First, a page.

A look at one free agent lefty bat

As the Orioles look to add left-handed hitting and some balance to their lineup versus right-handers, they could do a lot worse than Adam Lind.

Yes, Adam Lind, who is a free agent and won’t come at a big price. He has a good track record versus right-handed pitchers. What he doesn’t truly offer is a good fit on an Orioles roster that already has several first base-designated hitter types. Lind, though, has played the outfield and played some in left field for the Nationals in 2017. While no one would rate him a plus defender, he held his own and at times performed better than expected in left for Washington. Some outfield injuries led Lind to get 25 starts in left last season.

The Orioles could use lefty bats that won’t hurt the club in the field and will be able to gain Buck Showalter’s trust on defense. Lind certainly brings some clout against right-handed pitching.

Orioles-bats-Jones-sidebar.jpgThe Orioles have at least six starters pretty set that already bat right-handed in Jonathan Schoop, Manny Machado, Tim Beckham, Adam Jones, Trey Mancini and Mark Trumbo. They also could start righty hitters behind the plate with Caleb Joseph and at times in right field with, for instance, Austin Hays.

On the current 40-man roster the only lefty batters are Chris Davis, Chance Sisco, newly acquired outfielder Jaycob Brugman and switch-hitting Anthony Santander.

The 34-year-old Lind played nine seasons for the Blue Jays. In 269 plate appearance last year against right-handers, he hit .303/.364/.534 with an OPS of .898. In his career, he has hit .288/.348/.504 with an OPS of .852 versus right-handed pitchers.

Just one Oriole last season with a minimum of 200 at-bats against right-handers exceeded that career OPS for Lind. That was Mancini, with an OPS of .860 in 2017 off right-handers. Schoop was at .805 and Jones at .803.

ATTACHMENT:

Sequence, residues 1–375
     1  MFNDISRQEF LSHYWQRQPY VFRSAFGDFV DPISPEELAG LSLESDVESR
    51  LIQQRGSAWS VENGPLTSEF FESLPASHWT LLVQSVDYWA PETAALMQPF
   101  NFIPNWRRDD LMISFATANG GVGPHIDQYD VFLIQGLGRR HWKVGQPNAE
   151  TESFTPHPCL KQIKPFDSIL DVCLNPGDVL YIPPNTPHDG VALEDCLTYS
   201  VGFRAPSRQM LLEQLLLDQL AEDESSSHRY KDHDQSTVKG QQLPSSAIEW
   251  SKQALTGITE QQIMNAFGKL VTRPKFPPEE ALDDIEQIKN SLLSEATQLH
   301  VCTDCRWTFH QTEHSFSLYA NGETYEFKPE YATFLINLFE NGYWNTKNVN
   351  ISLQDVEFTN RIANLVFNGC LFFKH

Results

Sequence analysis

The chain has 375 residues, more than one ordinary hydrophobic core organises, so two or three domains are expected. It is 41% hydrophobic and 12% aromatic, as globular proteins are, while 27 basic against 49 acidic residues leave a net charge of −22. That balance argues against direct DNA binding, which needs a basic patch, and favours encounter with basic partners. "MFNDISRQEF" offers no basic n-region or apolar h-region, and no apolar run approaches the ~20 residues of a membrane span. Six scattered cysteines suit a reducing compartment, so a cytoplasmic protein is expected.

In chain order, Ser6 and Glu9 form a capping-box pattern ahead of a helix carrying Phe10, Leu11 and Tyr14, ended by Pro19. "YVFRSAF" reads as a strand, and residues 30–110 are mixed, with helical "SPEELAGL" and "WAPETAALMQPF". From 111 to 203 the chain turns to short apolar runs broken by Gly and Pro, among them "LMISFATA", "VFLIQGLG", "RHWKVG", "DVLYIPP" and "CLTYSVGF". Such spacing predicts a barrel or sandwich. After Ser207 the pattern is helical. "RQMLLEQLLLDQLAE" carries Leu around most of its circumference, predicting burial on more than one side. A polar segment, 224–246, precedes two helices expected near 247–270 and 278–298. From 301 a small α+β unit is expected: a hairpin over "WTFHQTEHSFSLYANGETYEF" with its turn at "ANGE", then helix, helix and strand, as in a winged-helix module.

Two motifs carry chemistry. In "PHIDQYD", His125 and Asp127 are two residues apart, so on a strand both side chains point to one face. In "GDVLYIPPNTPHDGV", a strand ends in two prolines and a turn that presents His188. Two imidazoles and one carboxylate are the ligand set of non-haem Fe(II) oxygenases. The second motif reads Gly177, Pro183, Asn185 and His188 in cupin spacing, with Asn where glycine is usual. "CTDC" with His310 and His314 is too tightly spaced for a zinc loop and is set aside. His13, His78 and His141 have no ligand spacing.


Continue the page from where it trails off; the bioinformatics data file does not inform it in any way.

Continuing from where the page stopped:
As a team, the Orioles hit .258/.312/.433 versus right-handed pitchers, ranking seventh in the league in average, 12th in on-base percentage and eighth in slugging. They fared better versus southpaws, batting .264/.312/.440 as a team.

With players like Santander and Hays already on the roster, will the O’s look to add an outfielder to get another lefty bat on the team? Or with some outfield depth in the organization on the farm, will the front office not want to tie up an outfielder on a deal beyond 2018?

This could at least lead the Orioles to look at Lind. He is a “have bat, will travel” guy. He has played for three different teams the last three seasons and may be about to make it 4-for-4. But he also has recorded an overall season OPS of .820 or better four of the last five seasons.

Lind provides experience and a track record of hitting well against right-handed pitching, which the Orioles need. But he certainly is not an obvious fit on the current roster.

The scoop on Schoop: Within minutes last night, a national reporter tweeted that the Orioles had begun extension talks with Schoop, per his source. But then he cited another source downplaying the first report.

Schoop is coming off a season where he elevated his offense and wound up finishing 12th for the American League MVP award. He hit .293/.338/.503 with 35 doubles, 32 homers, 105 RBIs and an OPS of .841. He finished sixth in the league in hits and RBIs, and his 67 extra-base hits ranked 12th in the AL. According to Baseball-Reference.com, Schoop produced a career-best 5.1 Wins Above Replacement. He can be a free agent after the 2019 season.

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